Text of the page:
I'm a little affronted. The surprise probably stems from the idea that my personal development really centers around developing many of these qualities, often speaking and thinking in the terms you use. Now, I'm a woman. I came onto the forums expecting a similar level of surprise that Steve would hold onto such primitive neo-Confucian conceptions of gender hierarchy. However, all I see is "embrace the polarity" posts and some schtick about how no men understand the "nature of women", and vice versa.
Are we really saying the #1 unique characteristic of being a man is "Making Real Decisions"? Really? Guess I'm stuck with making dinner again. Damn. I also always put my relationships second. To suggest women should do otherwise honestly leads me to conceive of your ideal world as one where men have special access to their private thought space whereas women, naturally, inherit the highest calling of nurturing "relationships". But some people enjoy being by themselves and not primarily prioritizing nurturing relationships, except within a strategic space or some other transactional space that is mutually advantageous to both parties. And many of these people are women. Calling such women "unnatural", or insisting that such women are not "real" women (in that they are not strongly associated with feminine energy) is not so much offensive as unreflective or inobservant. Or you've just been surrounded with low-conscious women, perhaps.
Trying to associate specific properties definitionally with normative terms (or quasi-normative, in this case -- "to be a 'man'" seems to imply aspiring to some virtuous state) involves committing the naturalistic fallacy
insofar as one's goals can be quantified. While goals like "Face your fears" are a bit nebulous, they'll still fall victim to the open question argument. I won't go into it for seeming too high-brow, but we can go if Plato or someone else is up for it.
I think that perhaps this narrative of polarity-based thinking is coming to rule the personal development sphere in this community too much. Why not take off the polarity-blinders and re-open yourself to a less dangerously exclusionary method of focus? There are ways to narrowly focus one's interests and relationships, limiting information intake and targeting to excel, without adopting a cult-like set of ontological foundations that oversimplify rather than sharpen our understanding of one another as members of a species.
That's the physicalist's perspective anyway, I suppose. Perhaps I have just already re-directed my sexual energy toward assertion of being, confidence, and persistence -- and I realize that Steve's writing this post about men doesn't necessitate that I should shy away from having these characteristics. But it sure implies that I, as a woman, should have loftier goals that are unrelated. The characterization of woman as the moral sex analogizes in a frightening way to the characterization of homosexuality as "too unnatural" for a family structure. Correlation does not equal causation, and Spartan's posts about socialization are well-taken by me. It's incredibly easy to socialize cultures in any number of similar ways. A cursory examination of American Indian or matriarchal cultures betrays the fact that there are cultures which both respect gender differences and yet leave open the possibility of personal development in terms of strength, communication, politicking, courage, and any number of additional gender-limited skill bases in this culture.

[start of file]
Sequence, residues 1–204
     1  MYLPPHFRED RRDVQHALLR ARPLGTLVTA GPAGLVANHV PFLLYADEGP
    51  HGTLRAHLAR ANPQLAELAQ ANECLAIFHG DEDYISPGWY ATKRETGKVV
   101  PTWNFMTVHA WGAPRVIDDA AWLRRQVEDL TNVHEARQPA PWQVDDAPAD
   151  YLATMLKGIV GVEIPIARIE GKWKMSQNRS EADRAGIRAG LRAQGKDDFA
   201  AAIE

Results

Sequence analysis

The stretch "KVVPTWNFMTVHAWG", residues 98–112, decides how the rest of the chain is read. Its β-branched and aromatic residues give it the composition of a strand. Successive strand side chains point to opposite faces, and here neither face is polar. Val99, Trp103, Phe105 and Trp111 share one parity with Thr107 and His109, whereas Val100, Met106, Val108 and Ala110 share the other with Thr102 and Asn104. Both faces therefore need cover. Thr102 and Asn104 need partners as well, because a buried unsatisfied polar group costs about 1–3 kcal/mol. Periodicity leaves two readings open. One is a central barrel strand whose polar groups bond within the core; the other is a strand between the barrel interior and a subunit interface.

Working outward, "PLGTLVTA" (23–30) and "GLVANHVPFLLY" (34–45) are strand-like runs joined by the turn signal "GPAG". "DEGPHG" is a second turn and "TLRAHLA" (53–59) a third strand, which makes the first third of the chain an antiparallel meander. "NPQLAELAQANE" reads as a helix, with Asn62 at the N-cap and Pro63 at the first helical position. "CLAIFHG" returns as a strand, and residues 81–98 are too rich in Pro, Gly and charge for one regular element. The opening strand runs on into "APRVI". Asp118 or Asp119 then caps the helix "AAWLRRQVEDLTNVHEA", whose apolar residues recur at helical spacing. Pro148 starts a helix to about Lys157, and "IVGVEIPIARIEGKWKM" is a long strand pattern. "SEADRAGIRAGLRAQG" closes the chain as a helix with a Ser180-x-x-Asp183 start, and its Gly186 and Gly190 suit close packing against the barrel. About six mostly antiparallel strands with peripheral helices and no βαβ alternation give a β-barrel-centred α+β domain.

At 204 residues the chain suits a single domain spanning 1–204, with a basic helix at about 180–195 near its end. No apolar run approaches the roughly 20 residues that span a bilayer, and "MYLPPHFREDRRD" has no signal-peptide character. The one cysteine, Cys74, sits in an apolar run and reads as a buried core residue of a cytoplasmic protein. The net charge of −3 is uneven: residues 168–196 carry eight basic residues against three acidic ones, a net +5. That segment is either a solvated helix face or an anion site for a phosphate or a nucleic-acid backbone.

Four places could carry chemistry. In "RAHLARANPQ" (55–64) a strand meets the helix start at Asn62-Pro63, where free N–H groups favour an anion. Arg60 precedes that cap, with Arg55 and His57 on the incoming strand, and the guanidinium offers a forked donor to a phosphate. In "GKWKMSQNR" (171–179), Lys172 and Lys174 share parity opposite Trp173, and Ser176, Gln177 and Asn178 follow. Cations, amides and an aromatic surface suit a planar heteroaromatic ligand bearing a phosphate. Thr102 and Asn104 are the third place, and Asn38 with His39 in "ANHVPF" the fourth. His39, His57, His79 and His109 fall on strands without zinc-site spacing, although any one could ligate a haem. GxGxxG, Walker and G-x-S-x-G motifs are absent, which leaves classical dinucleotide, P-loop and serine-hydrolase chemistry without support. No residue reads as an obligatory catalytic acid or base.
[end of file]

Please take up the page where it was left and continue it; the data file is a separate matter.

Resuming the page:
I'm not angry, just disappointed. I thought that the discussion and culling of ideas would be richer in this forum. But all I see are one-dimensional avatars of "male!", "female!", and "grr i'm sensitive too!" PC posts, along with "rawr i'm tough too!" posts. For all your collective focus on growth, one would think this sort of thinking would have been transcended by now. I can't help but think there might be other healthy, productive, growing women reading this post who might be turned off personal development by attitudes like this.
Never thought you'd latch onto Randian gender ideals so strongly, Steve. The distinctions between male and female in Atlas Shrugged
are so crude and burlesque, I thought they'd really be more laughed at than taken seriously. And this comes from someone who highly respects Rand's work... but sees it as seriously flawed in ways. Sorority girls shouldn't be the standard for female identification, folks. We don't all watch chick flicks and read Danielle Steel. It just seems that the majority of women who might have agreed with me have wisely taken their reading eyes elsewhere.
I mean this to be a thoughtful critique, which, while disrespectful at some points, is pointedly so, where I think the post and reaction to it are most lacking. Steve and Erin are worthwhile compatriots in the realm of personal development, and I hope this will inspire future reasoned disagreement with both me and Steve.